- Author: James A. Bethke
I often teach that there is a place for pesticides, especially when there are no effective alternatives. For instance, if you leave the aphids alone on your rose plants, they will eventually disappear due to the abundance of all the associated natural enemies like ladybird beetles. Some damage will occur, but the end result will be enjoyable roses in the landscape or in a vase. However, if you are going to show the rose - that first early season rose is the most brilliant - and not protect it, it will not be showable. Similarly, it is a shame if you own a 100-year old beautiful shade tree in your yard and you let a pest destroy it when you could have prevented it.
There is a concern by many that the systemic neonicotinoid insecticides are harming wildlife and the environment, and many folks are not willing to use them or purchase plants that have been treated with them. That is amazingly unfortunate because of all the benefits of this insecticide class, and much of the expressed concerns are scientifically unfounded.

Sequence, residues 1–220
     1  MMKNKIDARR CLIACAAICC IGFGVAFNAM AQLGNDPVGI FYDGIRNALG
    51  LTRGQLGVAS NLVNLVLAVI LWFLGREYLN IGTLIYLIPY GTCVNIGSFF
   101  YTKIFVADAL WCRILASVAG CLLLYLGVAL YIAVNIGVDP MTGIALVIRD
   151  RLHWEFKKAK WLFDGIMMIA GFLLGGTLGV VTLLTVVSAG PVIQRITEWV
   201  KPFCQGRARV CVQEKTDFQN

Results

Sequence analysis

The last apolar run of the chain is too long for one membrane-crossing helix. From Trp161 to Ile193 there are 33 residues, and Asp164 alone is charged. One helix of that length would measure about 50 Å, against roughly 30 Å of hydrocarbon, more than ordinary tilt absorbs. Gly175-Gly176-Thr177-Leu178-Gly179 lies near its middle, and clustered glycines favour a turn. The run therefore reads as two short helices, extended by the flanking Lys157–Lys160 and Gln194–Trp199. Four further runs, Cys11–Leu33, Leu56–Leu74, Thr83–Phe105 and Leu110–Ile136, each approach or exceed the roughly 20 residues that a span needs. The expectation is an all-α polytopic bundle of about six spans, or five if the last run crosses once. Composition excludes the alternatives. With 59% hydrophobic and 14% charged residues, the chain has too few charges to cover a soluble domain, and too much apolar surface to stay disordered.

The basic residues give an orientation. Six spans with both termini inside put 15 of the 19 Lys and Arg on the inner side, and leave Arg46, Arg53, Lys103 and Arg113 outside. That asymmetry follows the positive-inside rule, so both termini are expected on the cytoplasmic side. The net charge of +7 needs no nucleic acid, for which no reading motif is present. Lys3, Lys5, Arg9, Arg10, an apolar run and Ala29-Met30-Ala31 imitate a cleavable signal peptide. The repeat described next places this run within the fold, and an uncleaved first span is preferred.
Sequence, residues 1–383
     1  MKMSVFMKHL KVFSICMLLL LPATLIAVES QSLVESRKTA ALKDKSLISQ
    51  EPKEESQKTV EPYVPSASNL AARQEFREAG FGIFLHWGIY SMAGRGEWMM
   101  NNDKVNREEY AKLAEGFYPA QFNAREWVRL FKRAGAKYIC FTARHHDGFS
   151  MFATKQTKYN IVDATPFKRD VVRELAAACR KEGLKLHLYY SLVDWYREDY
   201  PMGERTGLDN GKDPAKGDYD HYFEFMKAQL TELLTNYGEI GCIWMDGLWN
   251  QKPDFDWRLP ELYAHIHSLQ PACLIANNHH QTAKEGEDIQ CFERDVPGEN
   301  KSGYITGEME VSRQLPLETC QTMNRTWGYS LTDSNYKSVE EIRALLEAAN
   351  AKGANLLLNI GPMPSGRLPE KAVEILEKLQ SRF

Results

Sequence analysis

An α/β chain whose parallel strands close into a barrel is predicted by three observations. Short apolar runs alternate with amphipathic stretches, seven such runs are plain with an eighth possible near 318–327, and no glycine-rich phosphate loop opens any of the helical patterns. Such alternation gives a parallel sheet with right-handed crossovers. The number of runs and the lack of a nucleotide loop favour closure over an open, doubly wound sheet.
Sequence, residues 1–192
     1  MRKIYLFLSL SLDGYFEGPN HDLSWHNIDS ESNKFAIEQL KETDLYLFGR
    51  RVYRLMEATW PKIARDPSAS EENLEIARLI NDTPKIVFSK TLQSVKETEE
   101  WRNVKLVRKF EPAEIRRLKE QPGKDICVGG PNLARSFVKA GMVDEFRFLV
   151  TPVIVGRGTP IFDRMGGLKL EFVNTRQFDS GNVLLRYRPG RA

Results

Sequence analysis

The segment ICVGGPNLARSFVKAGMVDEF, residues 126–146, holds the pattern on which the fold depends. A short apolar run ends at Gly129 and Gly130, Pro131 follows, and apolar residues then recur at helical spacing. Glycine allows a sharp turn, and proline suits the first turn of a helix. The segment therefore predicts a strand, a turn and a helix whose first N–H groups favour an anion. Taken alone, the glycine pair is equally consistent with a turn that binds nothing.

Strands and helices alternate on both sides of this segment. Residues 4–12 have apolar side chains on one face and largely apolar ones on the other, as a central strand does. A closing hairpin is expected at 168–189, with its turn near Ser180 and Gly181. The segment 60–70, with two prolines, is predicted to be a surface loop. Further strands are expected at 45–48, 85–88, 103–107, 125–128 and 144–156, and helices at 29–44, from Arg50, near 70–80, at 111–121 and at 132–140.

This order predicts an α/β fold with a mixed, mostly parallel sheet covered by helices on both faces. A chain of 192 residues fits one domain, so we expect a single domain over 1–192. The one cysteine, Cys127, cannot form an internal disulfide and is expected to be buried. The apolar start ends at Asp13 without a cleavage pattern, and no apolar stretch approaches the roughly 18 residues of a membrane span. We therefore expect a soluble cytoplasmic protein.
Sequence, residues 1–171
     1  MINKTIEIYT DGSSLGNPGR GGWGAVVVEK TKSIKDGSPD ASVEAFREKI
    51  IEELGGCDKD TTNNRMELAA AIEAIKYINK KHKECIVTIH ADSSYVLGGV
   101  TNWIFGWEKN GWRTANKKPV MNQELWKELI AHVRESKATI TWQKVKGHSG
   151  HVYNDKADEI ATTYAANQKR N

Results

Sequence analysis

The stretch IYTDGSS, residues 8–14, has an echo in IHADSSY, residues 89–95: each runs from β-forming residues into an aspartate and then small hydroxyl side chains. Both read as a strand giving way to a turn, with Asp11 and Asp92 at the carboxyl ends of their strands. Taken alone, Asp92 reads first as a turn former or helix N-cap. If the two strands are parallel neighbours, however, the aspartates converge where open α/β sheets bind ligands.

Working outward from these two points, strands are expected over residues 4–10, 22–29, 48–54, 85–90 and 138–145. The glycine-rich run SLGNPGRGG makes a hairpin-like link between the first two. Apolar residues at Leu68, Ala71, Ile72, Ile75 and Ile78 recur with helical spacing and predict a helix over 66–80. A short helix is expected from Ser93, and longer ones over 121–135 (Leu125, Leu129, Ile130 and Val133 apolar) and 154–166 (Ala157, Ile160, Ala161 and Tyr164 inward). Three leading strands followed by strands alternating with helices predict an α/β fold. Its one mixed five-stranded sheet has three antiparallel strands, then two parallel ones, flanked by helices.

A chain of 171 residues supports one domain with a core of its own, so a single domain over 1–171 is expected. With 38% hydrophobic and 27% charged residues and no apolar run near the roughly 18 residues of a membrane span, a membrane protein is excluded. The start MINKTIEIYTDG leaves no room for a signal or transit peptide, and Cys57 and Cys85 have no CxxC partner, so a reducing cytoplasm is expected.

The best example I can give of a fit or a need for insecticide use is presented in the case of the Emerald Ash Borer (EAB). EAB is a beetle as an adult, but the immature form, called a grub, is responsible for girdling ash trees and killing them within three years depending on the size of the tree and the extent of the infestation. EAB has been blamed for killing tens of millions of trees in about 22 states, and it is said, that the destruction of the ash in our forests and urban landscapes could rival the loss of elms due to the Dutch elm disease. That's significant. The benefits of ash trees in the landscape is clear, so the loss of all or nearly all of the landscape ash would be devastating, in my opinion.
There are those, however, that would not protect the trees with neonicotinoid insecticides at any cost. Unfortunately, there are grand examples of communities that refuse to protect their trees with systemic neonicotinoid insecticides, and I recommend that you take a look at the before and after pictures attached and check out the links to more information below. You will see that there is a place for insecticide use in this instance. Some may say that we can replace the landscape trees with alternatives that won't be affected. That's true, but it won't save our forests, and it will leave infected trees in our urban landscapes that will act as a reservoir for the beetle.